Re: GPLv3 Position Statement

From: Linus Torvalds
Date: Fri Sep 29 2006 - 13:50:22 EST

On Fri, 29 Sep 2006, Alan Cox wrote:
> That cuts both ways
> "If you don't want to use all this handy free code then don't lock your
> system down or go use OpenBSD"

That's a fallacious argument for two reasons:

- the GPLv2 allows usage in any circumstances except the geographical
limitation that can be forced on it by other laws. No serious lawyer I
have ever met is even ambiguous about this. There's just no question -
people may not be happy about it, and iirc the FSF at some point tried
to claim somethign else, but this really isn't all that controversial.

So the whole "If you don't want to use all this handy free code"
argument is simply WRONG. It's based on a premise that just isn't true.
All that handy free code is perfectly usable for things like a secure
terminal or something else that doesn't allow you to change its
behaviour because of some load-time consistency check.

You cannot make a logical argument that as it's axiom takes something
that is patently false. It may still be "logically consistent", but it
has no _relevance_, since it has nothing to do with reality.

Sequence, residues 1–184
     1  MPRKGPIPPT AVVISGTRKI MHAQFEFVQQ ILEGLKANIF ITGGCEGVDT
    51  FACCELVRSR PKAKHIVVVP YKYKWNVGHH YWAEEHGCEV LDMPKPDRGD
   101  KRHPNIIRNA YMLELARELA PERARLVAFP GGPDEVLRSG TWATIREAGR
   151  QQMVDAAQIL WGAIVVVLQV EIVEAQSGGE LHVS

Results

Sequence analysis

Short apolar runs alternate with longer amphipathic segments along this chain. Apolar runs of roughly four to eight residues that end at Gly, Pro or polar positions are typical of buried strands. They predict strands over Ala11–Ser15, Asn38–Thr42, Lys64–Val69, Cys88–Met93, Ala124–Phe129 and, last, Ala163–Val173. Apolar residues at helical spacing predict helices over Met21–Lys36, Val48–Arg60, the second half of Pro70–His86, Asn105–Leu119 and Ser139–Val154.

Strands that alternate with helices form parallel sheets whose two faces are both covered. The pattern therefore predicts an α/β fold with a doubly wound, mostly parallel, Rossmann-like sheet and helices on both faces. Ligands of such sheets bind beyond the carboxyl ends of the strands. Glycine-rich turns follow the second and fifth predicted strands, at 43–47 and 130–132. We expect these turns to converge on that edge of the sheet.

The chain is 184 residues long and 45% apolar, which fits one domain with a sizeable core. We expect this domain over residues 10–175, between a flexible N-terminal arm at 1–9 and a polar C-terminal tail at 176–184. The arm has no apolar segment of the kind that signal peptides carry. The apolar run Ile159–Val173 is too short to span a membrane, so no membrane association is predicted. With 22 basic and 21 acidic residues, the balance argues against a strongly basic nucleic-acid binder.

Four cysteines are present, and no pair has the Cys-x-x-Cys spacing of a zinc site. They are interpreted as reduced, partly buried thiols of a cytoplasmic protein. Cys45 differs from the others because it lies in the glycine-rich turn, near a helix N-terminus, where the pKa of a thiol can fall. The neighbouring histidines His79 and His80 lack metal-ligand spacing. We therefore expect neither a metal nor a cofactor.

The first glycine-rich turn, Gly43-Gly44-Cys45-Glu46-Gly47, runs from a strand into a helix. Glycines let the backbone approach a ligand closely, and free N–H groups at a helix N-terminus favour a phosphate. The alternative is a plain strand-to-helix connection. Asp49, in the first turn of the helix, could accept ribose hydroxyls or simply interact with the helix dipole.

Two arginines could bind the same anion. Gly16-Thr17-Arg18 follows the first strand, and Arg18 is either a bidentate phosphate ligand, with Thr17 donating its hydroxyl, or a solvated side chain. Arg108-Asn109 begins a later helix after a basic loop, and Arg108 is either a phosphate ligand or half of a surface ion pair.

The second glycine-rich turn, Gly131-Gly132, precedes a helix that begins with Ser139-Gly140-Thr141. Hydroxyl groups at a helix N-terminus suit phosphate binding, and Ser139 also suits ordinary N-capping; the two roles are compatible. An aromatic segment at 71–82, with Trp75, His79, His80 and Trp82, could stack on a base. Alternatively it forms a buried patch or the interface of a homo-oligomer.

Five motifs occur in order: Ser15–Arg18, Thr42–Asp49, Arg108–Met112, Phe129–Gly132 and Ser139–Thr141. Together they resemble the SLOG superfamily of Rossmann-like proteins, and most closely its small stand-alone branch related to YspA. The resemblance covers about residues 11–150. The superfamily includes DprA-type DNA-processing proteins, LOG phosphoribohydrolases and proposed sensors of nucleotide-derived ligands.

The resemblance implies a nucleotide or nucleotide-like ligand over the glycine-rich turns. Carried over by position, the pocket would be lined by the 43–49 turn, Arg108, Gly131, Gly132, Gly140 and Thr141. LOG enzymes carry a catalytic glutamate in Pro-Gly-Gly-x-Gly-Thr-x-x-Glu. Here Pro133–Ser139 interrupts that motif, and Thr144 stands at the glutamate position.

- It tries to equate the word "free" (which means so many things that it
almost lacks meaning) with "not able to authenticate". Which is just
one of hundreds of ways to read it, and it is extremely irritating how
the FSF thinks that _its_ definition of the word free somehow trumps
everybody elses.

We already had that discussion ten years ago, and it's why people who
want to be clear in their speaking (and thinking) use the term "Open
Source". Because the OSI rules generally speak about concrete things
that mean only one thing, which means that they actually have a
well-defined _meaning_ in any discussion between two parties.

A lot of people seem to think that the problem with "free" was just the
confusion between "no cost" and "freedom". Those people seemed to never
really understand an even deeper problem in the whole FSF language use.

In other words: anybody who wants to have a logical argument about the
real world needs to start with (a) acknowledging facts and (b) avoid using
words that may mean something else to the other side.

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